I'm using a recursive stored procedure in MySQL to generate a temporary table called
id_list, but I must use the results of that procedure in a follow up select query, so I can't
DROP the temporary table within the procedure...
BEGIN; /* generates the temporary table of ID's */ CALL fetch_inheritance_groups('abc123',0); /* uses the results of the stored procedure in the WHERE */ SELECT a.User_ID FROM usr_relationships r INNER JOIN usr_accts a ON a.User_ID = r.User_ID WHERE r.Group_ID = 'abc123' OR r.Group_ID IN (SELECT * FROM id_list) GROUP BY r.User_ID; COMMIT;
When calling the procedure, the first value is the top ID of the branch I want, and the second is the
tier which the procedure uses during recursions. Prior to the recursive loop it checks if
tier = 0 and if it is it runs:
DROP TEMPORARY TABLE IF EXISTS id_list; CREATE TEMPORARY TABLE IF NOT EXISTS id_list (iid CHAR(32) NOT NULL) ENGINE=memory;
So my question is: If I don't
DROP the temporary
MEMORY table at the end of the procedure, or within my transaction, how long will that table persist in memory? Is it automatically dropped once the session ends, or will it remain in memory as long as the connection is open?
**N.B. The obvious answer might be to drop the temp table prior to the commit statement, but lets assume for a moment that I can't do that.*
EDIT: To be a little more precise, what if persistent connections are employed, will the table persist through multiple requests? So far it seems that it will and that we would need to explicitly remove the temp table to free up that resource.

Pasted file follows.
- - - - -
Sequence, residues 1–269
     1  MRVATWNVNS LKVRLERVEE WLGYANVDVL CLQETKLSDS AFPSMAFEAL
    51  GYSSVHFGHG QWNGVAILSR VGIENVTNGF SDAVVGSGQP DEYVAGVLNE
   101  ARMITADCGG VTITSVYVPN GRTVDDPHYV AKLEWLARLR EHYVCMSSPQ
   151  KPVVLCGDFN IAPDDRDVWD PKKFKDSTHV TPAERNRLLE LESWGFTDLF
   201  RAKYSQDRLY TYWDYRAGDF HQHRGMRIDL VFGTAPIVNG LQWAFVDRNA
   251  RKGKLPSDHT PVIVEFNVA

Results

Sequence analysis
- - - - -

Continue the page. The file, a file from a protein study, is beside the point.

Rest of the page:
UPDATE: Based on the advice from the commenters, I've found a way of adjusting my stored procedure so that I can utilize the TEMP MEMORY table, but be able to explicitly
DROP it at the end...
Rather than just calling the stored procedure and using the remaining TEMP table to gather the results in the actual query, I've changed the
CALL format to use a third
OUT variable like so:
... then within the stored procedure, I added a second
IF tier = 0 at the very end with the following:
IF tier = 0 THEN SELECT GROUP_CONCAT(DISTINCT iid SEPARATOR ',') FROM id_list INTO inherited_set; DROP TEMPORARY TABLE IF EXISTS id_list; END IF;
So the result of the stored procedure is now a comma separated list of ID's that is compatible with
FIND_IN_SET, and so the final query was modified so that:
WHERE r.Group_ID = 'abc123' OR r.Group_ID IN (SELECT * FROM id_list)
... is now ...
WHERE r.Group_ID = 'abc123' OR FIND_IN_SET(r.Group_ID,@IDS)
Voila! Thanks to the commentors for your input, and for giving me the reason I needed to try a little harder :)